Where’s My Magic Quadrant?

When I got involved with Kalido over 15 years ago, we had big plans to change the world of data warehousing, and we still do.  However, one frustration we’ve had over the years is recognition from the major analyst firms that how we build data warehouses is fundamentally different and merits a “Quadrant” or “Wave” of our own.  In a nutshell, we think that the old way of building models with ER modeling tools, having DBAs create physical tables from those models, and then hardcoding the population of those tables with an ETL tool can never allow a business to be as agile as they need to be. Read more

Estimating Velocity

Velocity is perhaps the most important concept in agile development. In his recent Agile 101 class at the TDWI BI Summit in San Diego, Ralph Hughes defined velocity as “The number of story points that can be delivered comfortably in an iteration.” That estimate effects many other estimates, such as the size and mix of your teams, as well as the number of iterations needed to deliver the full project scope—all of which impact the budget. Read more

Kalido and Anchor Modeling (AM)

Someone asked me my opinion of Anchor Modeling, and I had to admit that I hadn’t really looked at it in detail.  I’m not sure why — at first glance, “Almost 6th Normal Form” modified using a practical approach and software automation should be right in wheelhouse of people who work at Kalido! Read more

Is Your Agile Warehouse Project Stuck in Second Gear?

The first twenty-plus years of data warehouse projects yielded failure rates above fifty percent, and the waterfall methodology took much of the blame. Ironically, as Ralph Hughes points out in his book Agile Data Warehousing Project Management, the waterfall methodology itself was based on a “grievous misreading” of another work. Dr. Royce’s 1970 white paper Managing the Development of Large Software Systems had called for a more iterative approach to systems development than the circa-1985 waterfall methodology it inspired. Read more

But the wise man don’t know how it feels…

Who am I to let a good theme die?  Kudos to Jim Harris for his excellent follow up on his “Brickyard Chaos” blog with an even more insightful “Another Brick in the Wall” blog ( I love the Pink Floyd reference).  Truth be told, I’m a bigger classic rock fan than I am a NASCAR fan, thus the association of this blog to the epic “Thick as a Brick” from one of my personal favorites Jethro Tull.  Read more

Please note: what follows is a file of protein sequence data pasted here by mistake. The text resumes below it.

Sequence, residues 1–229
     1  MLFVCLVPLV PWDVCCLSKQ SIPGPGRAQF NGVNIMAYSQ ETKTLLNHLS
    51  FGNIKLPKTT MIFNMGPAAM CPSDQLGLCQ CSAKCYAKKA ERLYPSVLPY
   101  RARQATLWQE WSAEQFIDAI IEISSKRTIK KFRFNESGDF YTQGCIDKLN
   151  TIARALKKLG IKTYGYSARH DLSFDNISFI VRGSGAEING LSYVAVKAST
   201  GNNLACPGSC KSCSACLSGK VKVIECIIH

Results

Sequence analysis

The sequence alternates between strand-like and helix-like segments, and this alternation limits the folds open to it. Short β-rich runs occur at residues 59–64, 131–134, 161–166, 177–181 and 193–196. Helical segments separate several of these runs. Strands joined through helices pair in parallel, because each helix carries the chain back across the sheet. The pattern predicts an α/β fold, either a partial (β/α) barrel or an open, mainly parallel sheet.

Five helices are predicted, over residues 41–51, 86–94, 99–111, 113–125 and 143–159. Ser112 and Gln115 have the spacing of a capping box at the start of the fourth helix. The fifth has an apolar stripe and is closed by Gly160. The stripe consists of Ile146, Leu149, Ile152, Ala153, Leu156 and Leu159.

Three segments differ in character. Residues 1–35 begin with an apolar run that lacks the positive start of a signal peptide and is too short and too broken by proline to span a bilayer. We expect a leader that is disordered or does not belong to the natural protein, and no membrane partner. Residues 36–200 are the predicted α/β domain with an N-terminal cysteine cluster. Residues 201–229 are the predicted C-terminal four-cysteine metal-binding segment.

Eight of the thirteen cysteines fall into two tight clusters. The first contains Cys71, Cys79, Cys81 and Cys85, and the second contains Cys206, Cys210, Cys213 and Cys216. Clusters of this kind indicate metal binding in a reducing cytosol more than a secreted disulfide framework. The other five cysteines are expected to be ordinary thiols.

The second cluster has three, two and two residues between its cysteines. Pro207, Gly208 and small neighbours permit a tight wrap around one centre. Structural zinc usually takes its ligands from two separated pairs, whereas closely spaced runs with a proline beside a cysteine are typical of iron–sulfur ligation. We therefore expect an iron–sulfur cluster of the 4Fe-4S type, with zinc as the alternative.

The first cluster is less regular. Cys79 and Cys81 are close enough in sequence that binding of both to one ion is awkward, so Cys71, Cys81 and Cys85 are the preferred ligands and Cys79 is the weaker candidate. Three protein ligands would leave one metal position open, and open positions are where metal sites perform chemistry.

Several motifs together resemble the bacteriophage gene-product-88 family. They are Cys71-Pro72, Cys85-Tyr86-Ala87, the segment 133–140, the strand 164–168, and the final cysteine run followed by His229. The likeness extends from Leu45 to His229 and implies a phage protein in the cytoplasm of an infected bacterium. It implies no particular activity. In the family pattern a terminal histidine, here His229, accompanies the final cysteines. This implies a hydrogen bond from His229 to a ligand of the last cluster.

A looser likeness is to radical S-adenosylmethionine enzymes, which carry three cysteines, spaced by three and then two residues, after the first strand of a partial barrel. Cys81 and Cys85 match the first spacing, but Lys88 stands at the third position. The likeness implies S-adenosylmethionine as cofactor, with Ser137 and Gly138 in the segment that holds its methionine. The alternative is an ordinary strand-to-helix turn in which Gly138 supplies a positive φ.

Yeah, But Who Won The Race?

I just finished reading a Jim Harris blog “Chaos in the Big Data Brickyard”.  When I saw the title, I thought that it must be a reference to the Indianapolis Motor Speedway, a.k.a.”The Brickyard”.  I felt this was a reasonable assumption given the fact that NASCAR just ran their annual race there this past weekend.  Read more

A Good Data Warehouse Starts with a Firm Foundation

This seems so obvious that it hardly warrants mentioning, right? So why have I visited so many companies over my career where data marts, or even entire warehouses, were built using reference data from multiple sources where the data integration is ad-hoc and hardwired? Read more

Iterative (and Incremental) Warehouse Development

We have often discussed the concept of using an iterative methodology when constructing a data warehouse, and have detailed the benefits of such an approach: better alignment with business needs, faster delivery of results, better return on the investment and overall lower development costs, just to name a few. However, it is also important to understand how iterative methodology can support the not only the initial delivery, but also the ongoing extension and enhancement of the warehouse. I like to call this an “Incremental Methodology.” Read more

Kalido listed in “DBTA 100: The Companies That Matter Most in Data”

This week Database Trends and Applications (DBTA) magazine, recognized Kalido for “presence, execution, vision, and innovation in delivering products and services to the marketplace”. Our company is one of a notable list of data solutions providers included in the inaugural “DBTA 100: The Companies That Matter Most in Data.” Read more

Agility’s Growing Pains

I just finished reading a blog by Michael Fitzgerald, CIO Tough Love: Agility Demands Increasing.  In his recap of the 10th annual MIT Sloan CIO Symposium, Michael rightfully warns IT Executives to “brace yourself for pain as you push for agility”.  I couldn’t agree more.  And, the pain comes from many directions and takes on many forms, but there are proven tools and techniques to help you along the way. Read more